One of the novel aspects of SSR is that it is precisely not about piecemeal tinkering, butaims to achieve a broad reform of all dimensions of security provision, both with regardto (external) national defense and (internal) public security.
 
Reform of the security sector is intended not simply to enhance the efficiency of thesecurity forces, but to ensure that they conform to standards of legality, transparency andaccountability
 
SSR is concerned to have a positive impact not only on the security of the state (or that of the government of the day), but also on the security of communities and individuals,guaranteeing security provisions that are respectful of human rights and within the rule of law.A program of the International Development Department, School of Public Policy University of 
Birmingham in its 2007 report entitled “A Beginner‟s Guide to Security Sector Reform (SSR)”quoting the United Nations Security Council states that SSR “must be con
text-
driven” and
situational. The Report also attests that previously security was regarded as a mere political issueand has been avoided by development practitioners but since the end of the Cold War it is nowbelieved that there is a two way linkage between security and development.Bendix and Stanley (2008) note conflicts have cost Africa US $ 18 billion per year since the endof the Cold War. Taking Sierra Leone as a case study, Bendix and Stanley (2008) attest that theSSR programme, mainly funded and managed by DFID, had the following objectives: thecreation of effective, affordable and democratically accountable security institutions; effectivereconciliation, justice and reintegration of ex-combatants; and the reduction of regional threats to
 
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Sierra Leone. The
SSR in Sierra Leone is cited as one of the “comprehensive “SSRs and “good practice” case.
Akin to other African or international armies, the Ethiopian security sector wasexpected to be apolitical.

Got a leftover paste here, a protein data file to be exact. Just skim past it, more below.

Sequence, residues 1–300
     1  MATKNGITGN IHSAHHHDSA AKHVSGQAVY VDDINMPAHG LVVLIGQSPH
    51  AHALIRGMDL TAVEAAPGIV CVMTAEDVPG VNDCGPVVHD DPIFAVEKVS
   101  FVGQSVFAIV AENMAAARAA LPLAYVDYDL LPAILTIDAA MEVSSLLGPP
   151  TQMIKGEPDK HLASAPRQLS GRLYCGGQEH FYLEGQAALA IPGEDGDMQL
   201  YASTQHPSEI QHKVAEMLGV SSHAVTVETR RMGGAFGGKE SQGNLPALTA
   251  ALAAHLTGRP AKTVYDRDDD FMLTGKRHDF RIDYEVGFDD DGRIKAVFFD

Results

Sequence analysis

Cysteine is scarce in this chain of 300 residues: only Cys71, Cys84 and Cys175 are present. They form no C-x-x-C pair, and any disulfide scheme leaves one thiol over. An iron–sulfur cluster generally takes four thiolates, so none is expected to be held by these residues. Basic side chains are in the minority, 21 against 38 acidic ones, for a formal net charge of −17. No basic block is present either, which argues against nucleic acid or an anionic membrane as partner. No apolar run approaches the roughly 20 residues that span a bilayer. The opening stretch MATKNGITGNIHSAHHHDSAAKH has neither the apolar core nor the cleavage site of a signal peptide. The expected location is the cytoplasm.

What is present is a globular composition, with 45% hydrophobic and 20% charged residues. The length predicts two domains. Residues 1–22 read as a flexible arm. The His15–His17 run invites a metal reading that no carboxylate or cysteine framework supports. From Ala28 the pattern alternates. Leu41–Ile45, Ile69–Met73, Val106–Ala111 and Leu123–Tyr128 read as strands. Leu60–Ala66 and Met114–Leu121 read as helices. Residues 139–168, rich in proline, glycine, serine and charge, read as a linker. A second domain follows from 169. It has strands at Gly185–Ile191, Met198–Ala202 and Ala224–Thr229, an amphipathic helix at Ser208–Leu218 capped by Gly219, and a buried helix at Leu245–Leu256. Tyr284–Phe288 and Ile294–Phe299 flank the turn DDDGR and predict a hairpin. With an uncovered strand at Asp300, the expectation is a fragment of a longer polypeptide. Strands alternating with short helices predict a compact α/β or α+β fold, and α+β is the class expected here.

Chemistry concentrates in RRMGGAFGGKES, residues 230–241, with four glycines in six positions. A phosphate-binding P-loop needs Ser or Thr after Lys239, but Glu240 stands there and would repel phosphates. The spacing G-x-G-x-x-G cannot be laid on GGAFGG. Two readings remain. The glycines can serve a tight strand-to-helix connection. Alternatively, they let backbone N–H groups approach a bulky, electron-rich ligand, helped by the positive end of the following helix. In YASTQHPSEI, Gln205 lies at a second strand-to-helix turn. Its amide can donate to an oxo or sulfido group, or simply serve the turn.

If we take the case of Bahrain “Many
close observers of Bahrain have long noted that thesecurity forces are, by design, heavily dominated by Sunni Muslims who are loyal to the Al
Khalifa regime.” wrote Kenneth Katzman
in an August 2012 article on Open Democracy titled
Security Sector Reform in Bahrain.
Following over reactions in 2010/11 on peaceful protesters
 by the security, an Independent Commission made the following recommendations to “correctthe longstanding security sector imbalances and deficiencies”. According to Kenneth some of 
them were:
 
Integrating Shiites into the security services to a far greater degree.
 
Taking away the National Security Agency‟s (intelligence service) law enforcement
powers.
 
Introducing greater transparency into the arrest and interrogation process.
 
Instit
uting a “code of conduct,” based on international best practices, so that the security
services adhere to international standards of human rights practices.
 
Abolishing the military court system and transfer of all cases to ordinary courts.Although the laws were in place, it did not fully keep the security from acting on the peacefulprotesters. SSR may not be easily and suddenly internalized in a security that is transformingfrom in an ethnicised and monopolized hegemony.Similarly, the second most controversial issue was the sale of arms and military training to theBahraini government by the U.S. government which was stopped and later resumed. Suchintergovernmental relations put the SSR not on an impossible endeavor but difficult one. A verypopular criticism on SSR worldwide has been that most donor states that were involved in the
Reform process were rather “excessively arming and training” the security of developing
countries that enabled the latter to consolidate their hold on power and repressiveness.